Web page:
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Kidney Week

Abstract: SA-PO110

Proteomics Reveals the Principle of Transition from AKI to CKD

Session Information

Category: Acute Kidney Injury

  • 103 AKI: Mechanisms

Authors

  • Fu, Haiyan, Nanfang Hospital, Southern Medical University, Guangzhou, Guangdong, China
  • Liu, Silvia, University of Pittsburgh, Pittsburgh, Pennsylvania, United States
  • Zhou, Xianke, Nanfang Hospital, Southern Medical University, Guangzhou, Guangdong, China
  • Zhou, Dong, University of Pittsburgh, Pittsburgh, Pennsylvania, United States
Background


Chronic kidney disease (CKD) compromises renal function and occurs as a potential long-term outcome in response to acute kidney injury (AKI). Currently, lack of mechanistic understanding prevents the progression from AKI to CKD. As we enter the ‘big data’ era, multiple OMICS analyses provide a platform not only assist the field to further understand kidney disease transition, but also significantly enhance the possibility to translate novel findings from basic research into the clinic. The present study aims to systemically analyze the proteomes profiles from the onset of kidney injury to end stage renal disease and identify dynamic network biomarkers during disease progression.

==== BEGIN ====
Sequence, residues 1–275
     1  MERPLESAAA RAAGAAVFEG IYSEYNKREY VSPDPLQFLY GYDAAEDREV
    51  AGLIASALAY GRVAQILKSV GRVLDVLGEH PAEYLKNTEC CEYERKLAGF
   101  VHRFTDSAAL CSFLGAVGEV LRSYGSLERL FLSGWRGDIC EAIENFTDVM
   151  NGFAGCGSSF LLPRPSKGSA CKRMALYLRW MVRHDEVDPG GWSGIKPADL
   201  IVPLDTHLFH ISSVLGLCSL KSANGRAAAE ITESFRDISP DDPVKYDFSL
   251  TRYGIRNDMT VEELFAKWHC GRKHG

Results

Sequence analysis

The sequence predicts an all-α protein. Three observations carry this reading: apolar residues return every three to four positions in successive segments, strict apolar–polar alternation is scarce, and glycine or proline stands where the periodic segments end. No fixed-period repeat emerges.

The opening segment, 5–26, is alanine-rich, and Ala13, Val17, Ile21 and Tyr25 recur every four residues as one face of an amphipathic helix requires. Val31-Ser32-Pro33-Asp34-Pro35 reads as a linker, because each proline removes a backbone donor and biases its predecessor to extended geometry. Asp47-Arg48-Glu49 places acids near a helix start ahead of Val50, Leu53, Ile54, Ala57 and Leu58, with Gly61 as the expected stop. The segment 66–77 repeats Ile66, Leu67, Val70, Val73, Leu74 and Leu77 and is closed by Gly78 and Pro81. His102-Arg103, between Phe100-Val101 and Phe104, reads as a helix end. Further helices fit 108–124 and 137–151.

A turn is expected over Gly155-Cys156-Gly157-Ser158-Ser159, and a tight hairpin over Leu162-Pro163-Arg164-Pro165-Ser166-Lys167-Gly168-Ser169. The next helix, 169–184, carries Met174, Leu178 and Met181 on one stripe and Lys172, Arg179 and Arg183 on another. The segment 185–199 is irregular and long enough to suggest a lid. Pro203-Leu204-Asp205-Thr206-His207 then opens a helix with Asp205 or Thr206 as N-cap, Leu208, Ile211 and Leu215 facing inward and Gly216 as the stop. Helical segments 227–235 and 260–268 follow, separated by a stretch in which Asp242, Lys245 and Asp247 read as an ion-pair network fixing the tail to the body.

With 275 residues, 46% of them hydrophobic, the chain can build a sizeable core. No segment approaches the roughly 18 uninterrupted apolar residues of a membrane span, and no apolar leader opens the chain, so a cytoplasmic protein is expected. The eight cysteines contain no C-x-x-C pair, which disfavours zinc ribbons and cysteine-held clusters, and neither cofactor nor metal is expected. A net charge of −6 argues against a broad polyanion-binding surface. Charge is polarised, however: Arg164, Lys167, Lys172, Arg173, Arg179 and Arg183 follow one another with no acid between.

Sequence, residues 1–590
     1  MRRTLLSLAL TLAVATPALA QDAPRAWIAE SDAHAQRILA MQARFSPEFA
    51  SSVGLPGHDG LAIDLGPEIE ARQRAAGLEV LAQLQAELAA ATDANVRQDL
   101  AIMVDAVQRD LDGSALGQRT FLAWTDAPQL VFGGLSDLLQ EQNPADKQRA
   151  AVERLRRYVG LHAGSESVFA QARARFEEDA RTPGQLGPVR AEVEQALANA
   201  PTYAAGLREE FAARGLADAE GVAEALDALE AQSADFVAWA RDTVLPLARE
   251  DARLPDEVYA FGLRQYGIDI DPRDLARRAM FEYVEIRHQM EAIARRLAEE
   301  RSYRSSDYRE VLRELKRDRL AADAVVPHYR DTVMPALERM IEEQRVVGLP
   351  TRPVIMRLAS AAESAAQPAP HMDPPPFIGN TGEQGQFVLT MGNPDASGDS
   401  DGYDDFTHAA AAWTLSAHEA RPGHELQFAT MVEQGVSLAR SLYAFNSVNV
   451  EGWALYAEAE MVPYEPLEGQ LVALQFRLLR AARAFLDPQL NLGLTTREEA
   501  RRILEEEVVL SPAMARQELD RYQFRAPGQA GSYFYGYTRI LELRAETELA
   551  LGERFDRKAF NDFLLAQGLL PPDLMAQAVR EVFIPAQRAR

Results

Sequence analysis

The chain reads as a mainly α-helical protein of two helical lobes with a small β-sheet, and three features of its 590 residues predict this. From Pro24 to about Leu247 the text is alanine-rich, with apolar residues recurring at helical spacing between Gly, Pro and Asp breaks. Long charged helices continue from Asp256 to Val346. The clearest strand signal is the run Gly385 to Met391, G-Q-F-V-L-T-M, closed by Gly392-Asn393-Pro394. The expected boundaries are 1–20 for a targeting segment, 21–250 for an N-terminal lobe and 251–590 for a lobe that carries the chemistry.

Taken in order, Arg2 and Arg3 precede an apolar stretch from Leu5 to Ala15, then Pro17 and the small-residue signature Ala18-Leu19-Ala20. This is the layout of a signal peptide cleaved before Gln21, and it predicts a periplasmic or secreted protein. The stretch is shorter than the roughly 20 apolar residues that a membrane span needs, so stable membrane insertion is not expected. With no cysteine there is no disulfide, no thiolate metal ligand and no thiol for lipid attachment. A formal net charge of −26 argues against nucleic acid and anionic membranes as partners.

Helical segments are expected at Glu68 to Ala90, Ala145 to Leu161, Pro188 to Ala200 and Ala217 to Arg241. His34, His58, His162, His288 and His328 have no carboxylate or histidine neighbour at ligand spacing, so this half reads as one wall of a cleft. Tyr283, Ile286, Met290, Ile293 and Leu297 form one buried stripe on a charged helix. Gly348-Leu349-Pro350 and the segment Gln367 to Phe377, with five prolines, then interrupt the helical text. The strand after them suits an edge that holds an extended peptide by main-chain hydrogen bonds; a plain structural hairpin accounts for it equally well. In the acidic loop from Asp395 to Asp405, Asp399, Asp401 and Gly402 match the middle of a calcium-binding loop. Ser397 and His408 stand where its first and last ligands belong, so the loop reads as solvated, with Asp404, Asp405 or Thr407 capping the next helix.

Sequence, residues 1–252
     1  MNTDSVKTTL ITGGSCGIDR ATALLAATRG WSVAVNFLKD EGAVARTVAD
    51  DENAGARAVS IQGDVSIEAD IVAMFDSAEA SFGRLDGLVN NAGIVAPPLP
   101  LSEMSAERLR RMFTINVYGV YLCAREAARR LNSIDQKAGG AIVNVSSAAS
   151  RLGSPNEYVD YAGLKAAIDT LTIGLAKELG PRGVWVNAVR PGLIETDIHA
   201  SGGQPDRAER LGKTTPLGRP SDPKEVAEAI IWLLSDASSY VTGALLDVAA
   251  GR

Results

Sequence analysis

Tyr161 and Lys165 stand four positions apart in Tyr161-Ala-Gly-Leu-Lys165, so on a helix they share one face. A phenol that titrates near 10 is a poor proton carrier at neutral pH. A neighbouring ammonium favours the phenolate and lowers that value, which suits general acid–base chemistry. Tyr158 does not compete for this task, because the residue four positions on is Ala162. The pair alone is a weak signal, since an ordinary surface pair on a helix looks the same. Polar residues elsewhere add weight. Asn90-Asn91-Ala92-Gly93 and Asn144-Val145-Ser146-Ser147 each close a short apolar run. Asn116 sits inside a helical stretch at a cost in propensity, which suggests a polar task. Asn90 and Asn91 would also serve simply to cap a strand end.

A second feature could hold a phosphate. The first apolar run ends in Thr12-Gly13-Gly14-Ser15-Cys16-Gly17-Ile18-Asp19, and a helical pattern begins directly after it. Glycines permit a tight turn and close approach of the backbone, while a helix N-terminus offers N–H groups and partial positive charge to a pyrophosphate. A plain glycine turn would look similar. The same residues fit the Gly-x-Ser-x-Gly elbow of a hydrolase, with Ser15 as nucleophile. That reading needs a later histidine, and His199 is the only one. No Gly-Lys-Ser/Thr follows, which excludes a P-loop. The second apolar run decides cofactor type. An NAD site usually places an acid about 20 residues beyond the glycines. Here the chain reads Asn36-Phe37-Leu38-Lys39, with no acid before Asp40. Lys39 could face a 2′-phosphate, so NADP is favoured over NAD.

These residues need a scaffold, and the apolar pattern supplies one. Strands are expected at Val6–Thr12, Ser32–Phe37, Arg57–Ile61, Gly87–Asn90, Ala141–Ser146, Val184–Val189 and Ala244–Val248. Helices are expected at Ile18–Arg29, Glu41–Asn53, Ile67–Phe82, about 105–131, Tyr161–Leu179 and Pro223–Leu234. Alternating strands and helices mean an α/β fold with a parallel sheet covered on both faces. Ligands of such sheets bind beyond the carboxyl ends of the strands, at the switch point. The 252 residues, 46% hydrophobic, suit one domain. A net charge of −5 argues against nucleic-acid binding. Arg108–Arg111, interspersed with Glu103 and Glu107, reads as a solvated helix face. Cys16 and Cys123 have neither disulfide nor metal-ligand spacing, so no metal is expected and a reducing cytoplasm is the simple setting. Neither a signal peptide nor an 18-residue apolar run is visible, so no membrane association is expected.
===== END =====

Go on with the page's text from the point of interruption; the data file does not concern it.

Methods


We constructed renal ischemia reperfusion injury (IRI) mouse model for time series courses. Quantitative proteomics (isobaric peptide tags for relative and absolute quantification, iTRAQ) was applied in revealing the proteomes profiles in kidney tissues. Dynamic network biomarker (DNB) analysis was performed to clearly identify the critical state or tipping point during the transition of kidney disease.

Results


We identified 6146 proteins in the disease kidneys. Pearson correlation analysis indicated that the transitional process from AKI to CKD could be divided into 4 periods in mice, initiate phase (0-12h), switching phase (1d), repair phase (3-5d), and irreversible phase (after 5d). Impressively, protein signatures were completely different in the above 4 phases. Among these phases, two time points (4h and 3d) were critical in determining the prognosis of kidney disease. We then analyzed time-series protein expression data with the DNB method, and identified NCBP1 as a core DNB member. At a network level, the biological role of NCBP1 was prominent in kidney repair and regeneration.

Conclusion


Establishing disease monitoring system at appropriate time points will be greatly beneficial in understanding the pathogenesis of kidney disease transition.

Funding

  • NIDDK Support